Audio length: 9:13 minutes
Steve reflects on turning 59, the past, work, family, a change of careers and facing old age.
I’m turning 59 in five days. I’ve never been much into birthdays and milestones and “passages”. The big 2-0, 3-0 and 4-0s went pretty much by without any sense of “gee or wow-ness” or movement toward or away from anything. By twenty I was married, by thirty I had kids, a mortgage, a couple college degrees, had lost my jobs in my fields and ended up in construction. By forty I’d been through the cliche Red Bugatti mid-life crisis (yeah, I really had one), divorced, left my church, remarried into a blended family etc. etc. (not that all that is normal or anything to be proud of, but my life read like a John Updike novel. ) I walked through it all for the most part with the sense of appropriate angst, guilt, shame, joy, apprehension and uncertainty that one should feel when life is all akimbo and you’re playing it all by ear, sometimes badly. But I also walked through it as a Christian, a Christian with great failures. I realized a few years ago that my greatest failure as a Christian was not particularly moral but pride. My pride was manifested in my delusions that my life was like those of fallen Biblical characters. I had a sense of entitlement of God’s providence that would somehow eventually bring some sort of messianic event or great blessing out of my sins. On the other hand, I also lived in fear that God would visit some great calamity on my house because my sin was so great. But it was I who deemed my own sin as great out of a false sense of my own importance. I realized over the years that apparently I am not special enough for God to punish greatly, nor bless greatly. Ordinariness was a conviction of well, my ordinariness. But even during those tumultuous decades my life did not seem particularly finite in any real way to me. The years passed and I took no thought for tomorrow because I was enmeshed in finding a way to make it through today.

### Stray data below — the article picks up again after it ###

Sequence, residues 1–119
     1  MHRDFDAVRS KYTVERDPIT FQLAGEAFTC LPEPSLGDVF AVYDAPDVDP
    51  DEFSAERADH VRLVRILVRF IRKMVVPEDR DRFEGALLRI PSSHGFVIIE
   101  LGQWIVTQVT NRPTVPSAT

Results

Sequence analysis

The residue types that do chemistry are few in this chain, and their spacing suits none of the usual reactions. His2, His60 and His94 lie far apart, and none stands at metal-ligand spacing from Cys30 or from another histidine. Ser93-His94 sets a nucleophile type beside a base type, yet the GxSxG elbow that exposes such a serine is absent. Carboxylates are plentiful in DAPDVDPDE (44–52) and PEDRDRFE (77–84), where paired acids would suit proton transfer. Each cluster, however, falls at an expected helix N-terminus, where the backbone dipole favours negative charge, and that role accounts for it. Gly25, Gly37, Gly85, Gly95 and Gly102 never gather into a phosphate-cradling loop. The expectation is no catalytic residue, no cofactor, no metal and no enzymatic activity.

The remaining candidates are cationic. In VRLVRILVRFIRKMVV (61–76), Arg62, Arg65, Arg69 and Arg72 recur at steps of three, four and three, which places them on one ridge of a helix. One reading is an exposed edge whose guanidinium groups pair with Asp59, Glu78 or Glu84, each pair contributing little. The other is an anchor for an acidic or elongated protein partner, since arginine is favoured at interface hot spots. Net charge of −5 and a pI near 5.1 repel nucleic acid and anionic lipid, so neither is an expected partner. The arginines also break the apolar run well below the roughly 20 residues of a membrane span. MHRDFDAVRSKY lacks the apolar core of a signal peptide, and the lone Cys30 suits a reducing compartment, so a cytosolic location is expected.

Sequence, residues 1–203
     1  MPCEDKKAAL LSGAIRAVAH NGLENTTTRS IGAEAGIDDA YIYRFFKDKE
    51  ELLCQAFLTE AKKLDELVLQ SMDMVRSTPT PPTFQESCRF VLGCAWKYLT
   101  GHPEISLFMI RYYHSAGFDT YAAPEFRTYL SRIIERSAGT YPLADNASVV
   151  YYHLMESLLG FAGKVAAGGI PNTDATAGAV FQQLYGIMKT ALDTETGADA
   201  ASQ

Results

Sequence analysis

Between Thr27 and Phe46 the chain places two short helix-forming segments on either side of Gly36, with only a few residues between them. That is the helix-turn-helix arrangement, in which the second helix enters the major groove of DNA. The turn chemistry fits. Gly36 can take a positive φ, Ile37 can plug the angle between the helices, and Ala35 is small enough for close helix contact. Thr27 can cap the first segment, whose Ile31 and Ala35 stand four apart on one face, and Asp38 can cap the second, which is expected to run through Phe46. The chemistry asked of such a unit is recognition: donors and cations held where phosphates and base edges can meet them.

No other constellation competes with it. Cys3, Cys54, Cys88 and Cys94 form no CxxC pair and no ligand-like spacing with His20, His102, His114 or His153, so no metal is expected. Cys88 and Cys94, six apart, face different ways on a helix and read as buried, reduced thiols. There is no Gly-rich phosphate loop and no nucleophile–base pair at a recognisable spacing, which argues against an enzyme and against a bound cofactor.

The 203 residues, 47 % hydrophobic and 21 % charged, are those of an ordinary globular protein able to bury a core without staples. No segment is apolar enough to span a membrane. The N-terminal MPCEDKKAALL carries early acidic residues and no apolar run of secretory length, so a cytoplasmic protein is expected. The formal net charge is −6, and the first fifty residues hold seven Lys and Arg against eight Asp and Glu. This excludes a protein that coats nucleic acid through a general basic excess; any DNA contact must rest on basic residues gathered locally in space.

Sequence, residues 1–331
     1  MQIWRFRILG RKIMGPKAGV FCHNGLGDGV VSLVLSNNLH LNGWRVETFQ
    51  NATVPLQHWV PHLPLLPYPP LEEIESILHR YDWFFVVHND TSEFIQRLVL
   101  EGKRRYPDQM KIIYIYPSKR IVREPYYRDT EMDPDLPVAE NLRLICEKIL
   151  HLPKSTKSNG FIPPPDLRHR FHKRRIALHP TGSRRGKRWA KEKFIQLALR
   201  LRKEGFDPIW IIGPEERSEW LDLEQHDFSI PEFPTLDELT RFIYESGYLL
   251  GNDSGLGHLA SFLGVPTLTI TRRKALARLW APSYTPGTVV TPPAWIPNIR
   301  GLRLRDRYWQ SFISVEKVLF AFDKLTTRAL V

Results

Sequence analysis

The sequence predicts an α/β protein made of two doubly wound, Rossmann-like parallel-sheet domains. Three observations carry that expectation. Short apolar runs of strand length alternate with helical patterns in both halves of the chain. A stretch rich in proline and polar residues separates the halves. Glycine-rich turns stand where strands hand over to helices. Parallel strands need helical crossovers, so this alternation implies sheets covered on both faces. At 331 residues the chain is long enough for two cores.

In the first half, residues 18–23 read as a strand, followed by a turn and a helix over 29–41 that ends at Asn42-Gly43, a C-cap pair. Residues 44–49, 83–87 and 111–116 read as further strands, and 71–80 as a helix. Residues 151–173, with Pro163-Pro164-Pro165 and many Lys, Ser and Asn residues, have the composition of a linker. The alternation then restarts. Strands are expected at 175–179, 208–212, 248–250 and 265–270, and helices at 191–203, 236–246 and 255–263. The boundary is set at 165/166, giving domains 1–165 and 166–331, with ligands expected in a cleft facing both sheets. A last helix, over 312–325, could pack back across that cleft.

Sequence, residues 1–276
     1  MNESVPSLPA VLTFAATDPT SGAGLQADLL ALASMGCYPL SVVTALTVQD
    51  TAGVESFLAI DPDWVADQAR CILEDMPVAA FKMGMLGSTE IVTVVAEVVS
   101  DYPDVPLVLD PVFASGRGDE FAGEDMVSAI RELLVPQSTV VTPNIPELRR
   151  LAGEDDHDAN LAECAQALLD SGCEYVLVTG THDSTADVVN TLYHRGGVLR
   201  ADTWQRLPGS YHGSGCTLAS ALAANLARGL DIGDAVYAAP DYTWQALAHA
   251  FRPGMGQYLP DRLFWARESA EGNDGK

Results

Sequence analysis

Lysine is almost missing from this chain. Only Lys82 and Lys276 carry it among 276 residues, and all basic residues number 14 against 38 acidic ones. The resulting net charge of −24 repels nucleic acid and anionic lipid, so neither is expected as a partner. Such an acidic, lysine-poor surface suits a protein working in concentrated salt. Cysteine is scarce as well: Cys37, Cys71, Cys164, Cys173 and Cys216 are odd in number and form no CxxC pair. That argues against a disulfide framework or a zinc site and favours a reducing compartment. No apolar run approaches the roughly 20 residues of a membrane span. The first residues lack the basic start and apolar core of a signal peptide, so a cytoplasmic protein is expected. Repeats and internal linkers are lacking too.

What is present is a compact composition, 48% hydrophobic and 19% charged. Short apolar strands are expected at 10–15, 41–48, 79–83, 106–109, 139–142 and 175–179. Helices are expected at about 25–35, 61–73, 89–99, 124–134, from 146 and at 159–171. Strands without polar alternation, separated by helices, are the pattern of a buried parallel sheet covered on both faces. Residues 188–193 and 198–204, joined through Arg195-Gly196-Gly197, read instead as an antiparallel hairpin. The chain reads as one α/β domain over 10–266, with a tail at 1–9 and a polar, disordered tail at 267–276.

When I turned 50, it was an existential awakening. I stared at the number and it was as if I stepped outside my door thinking it was midday and saw the sun setting. I knew with cold certainty I was finite. The darkening dusk of my life was in front of me, undeniable and inevitable. No matter how I cut it, my life was more than half over, more than likely I had about a quarter of it left to me, if that. The Psalmist sang: “The days of man are as grass, as a flower of the field so he flourisheth… Our days like a spider have spun out its tale. Our years number three score years and ten, and if we be in strength mayhap fourscore years, but what is more than these but toil and travail?” I was smart enough to see the truth in that when I was young, I just never thought it applied to ME. But on my 50th birthday it did. I looked in the mirror and knew my life was on the downhill slope and I was still sheet rocking and lifting heavy stuff for a living with no end to it in sight.